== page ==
The bone moon above Kōdaiji: A Quartet, by Ryu Ando


Who sees the black sakura in the courtyard,

          the fruit that weeps on the branch, a tender flesh

staining the tips of your fingers – red as your lips?

          Who sees the fractal twists of suffering in

glints of light on the flagstones? Or your

          arthritic hands held up to the sky? Or the glass god

casting silvery petals all over the dry rock?

          Who marks the hours lost raking these stones

                    while the karyōbinga

                    cries out in the dark?


Who sees your serene face covered in growth,

          old roots grasping at phantoms in a river of gravel,

a heat-whispered tree gone cold in the night?

          Or feels the ice in your veins, your carcass

buried upright in limestone? Who sees your

          limbs ground into fine powders – dispersing until

the world ends – then begins – yet again?

          Who holds in its gaze the haunted winds on

the hilltop, the low clouds suspended like a

          thousand white birds at the edge of the night,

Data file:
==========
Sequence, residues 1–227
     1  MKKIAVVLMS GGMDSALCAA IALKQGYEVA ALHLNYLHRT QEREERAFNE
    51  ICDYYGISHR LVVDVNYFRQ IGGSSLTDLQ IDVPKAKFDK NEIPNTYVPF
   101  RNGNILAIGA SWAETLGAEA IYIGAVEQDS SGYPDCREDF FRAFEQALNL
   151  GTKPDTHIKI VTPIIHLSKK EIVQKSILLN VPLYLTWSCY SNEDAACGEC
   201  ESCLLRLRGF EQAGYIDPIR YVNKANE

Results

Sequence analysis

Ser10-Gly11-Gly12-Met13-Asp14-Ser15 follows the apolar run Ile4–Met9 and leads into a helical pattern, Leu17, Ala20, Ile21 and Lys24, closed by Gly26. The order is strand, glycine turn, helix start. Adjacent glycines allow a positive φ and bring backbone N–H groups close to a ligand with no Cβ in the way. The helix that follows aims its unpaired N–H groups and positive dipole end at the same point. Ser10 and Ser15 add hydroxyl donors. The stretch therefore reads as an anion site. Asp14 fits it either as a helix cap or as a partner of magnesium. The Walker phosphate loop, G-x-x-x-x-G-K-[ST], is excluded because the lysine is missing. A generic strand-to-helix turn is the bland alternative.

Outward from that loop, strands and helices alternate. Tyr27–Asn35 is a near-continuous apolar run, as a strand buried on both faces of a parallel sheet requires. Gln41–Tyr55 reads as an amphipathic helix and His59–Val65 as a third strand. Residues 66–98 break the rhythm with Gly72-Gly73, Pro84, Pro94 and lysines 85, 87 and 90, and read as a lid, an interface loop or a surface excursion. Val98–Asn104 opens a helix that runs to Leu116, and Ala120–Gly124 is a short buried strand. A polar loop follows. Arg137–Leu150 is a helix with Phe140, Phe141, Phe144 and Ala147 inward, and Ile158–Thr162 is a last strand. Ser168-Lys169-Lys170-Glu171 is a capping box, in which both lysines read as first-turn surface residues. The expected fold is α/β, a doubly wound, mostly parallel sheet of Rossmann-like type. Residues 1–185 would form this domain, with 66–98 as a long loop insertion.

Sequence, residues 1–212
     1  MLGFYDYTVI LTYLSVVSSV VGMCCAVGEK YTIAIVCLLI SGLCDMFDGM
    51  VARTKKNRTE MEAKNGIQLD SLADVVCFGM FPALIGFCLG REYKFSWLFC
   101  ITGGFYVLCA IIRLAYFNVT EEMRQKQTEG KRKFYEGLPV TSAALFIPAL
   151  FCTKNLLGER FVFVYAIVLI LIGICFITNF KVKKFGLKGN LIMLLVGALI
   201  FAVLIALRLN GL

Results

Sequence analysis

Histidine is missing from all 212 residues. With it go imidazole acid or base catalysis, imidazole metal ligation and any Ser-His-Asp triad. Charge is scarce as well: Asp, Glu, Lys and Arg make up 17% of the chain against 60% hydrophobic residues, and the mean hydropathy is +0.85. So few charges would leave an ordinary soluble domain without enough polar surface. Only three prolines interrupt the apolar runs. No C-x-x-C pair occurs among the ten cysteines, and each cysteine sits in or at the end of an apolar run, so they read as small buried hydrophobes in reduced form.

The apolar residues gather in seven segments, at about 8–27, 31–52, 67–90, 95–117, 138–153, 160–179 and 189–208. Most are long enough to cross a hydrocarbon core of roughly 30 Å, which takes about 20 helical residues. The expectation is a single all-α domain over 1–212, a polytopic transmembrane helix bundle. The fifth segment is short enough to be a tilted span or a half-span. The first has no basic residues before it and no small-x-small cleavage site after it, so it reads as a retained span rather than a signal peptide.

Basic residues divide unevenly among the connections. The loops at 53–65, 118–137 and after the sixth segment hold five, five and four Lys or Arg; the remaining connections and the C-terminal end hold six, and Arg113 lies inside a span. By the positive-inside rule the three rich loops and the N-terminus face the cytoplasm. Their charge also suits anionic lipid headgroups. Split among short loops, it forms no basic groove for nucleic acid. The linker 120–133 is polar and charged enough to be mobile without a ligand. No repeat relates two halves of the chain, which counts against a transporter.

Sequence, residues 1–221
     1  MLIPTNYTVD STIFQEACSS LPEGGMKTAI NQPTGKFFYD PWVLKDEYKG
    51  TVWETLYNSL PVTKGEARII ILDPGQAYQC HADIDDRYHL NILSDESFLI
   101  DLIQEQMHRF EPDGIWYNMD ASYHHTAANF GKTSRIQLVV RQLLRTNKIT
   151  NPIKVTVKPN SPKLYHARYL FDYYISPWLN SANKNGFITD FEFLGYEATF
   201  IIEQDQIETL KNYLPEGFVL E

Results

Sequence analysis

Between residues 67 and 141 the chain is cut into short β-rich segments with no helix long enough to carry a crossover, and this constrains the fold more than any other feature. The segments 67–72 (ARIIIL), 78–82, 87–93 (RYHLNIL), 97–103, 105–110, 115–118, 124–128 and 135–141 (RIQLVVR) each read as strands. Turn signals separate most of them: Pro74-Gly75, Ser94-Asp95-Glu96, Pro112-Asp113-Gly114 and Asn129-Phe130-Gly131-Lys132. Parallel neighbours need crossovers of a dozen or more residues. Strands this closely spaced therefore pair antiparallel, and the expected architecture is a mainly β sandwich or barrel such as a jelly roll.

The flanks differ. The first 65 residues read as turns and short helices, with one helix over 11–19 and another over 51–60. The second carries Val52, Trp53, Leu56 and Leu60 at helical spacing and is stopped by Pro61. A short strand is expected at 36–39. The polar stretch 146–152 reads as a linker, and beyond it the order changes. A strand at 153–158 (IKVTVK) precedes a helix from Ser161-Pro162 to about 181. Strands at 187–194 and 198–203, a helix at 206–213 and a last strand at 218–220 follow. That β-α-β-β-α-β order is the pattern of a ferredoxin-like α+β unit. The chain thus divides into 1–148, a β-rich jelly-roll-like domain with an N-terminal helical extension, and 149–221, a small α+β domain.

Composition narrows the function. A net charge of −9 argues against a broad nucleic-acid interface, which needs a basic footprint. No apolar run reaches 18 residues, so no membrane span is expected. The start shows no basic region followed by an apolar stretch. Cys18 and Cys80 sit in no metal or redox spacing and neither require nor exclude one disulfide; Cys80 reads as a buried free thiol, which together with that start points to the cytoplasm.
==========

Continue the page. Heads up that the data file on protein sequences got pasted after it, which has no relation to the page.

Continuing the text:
where they never rise

                    above this darkened line?


Who knows that you once lived a year without

          the burden of dreams? Or that you covered the world

in petulant darkness until rising again? That you

          held ice in your hands to know what love feels like?

Who else can show you to yourself – standing on

          the threshold – thrust between the real and the unreal,

lighting your dark passage through this ancient house,

          bright silences patched on the floor, panels sliding open

                    into empty rooms and

                    riddles newly found?


Who else knows of its own death – its own

          oblivion up there – among the hanging stars

and in catuskoti memoirs etched in ice?

          Who else but the bone moon, rising,

its clipped nail tearing into the sky – imperfect

          circle, damaged sphere – will tell you that

time, that thin dark wire shifting the shadows

          across your pillow, that rippling wave of

dry rivers unresolved, that reaper of light itself

          riding on the cusp of all things, upon the crest

                    of all our dreams,

                    still moves like a scythe?

Ryu Ando shares his time between Los Angeles and Saitama, Japan. He has authored four poetry collections. Online at: and @ryu_ando_98.

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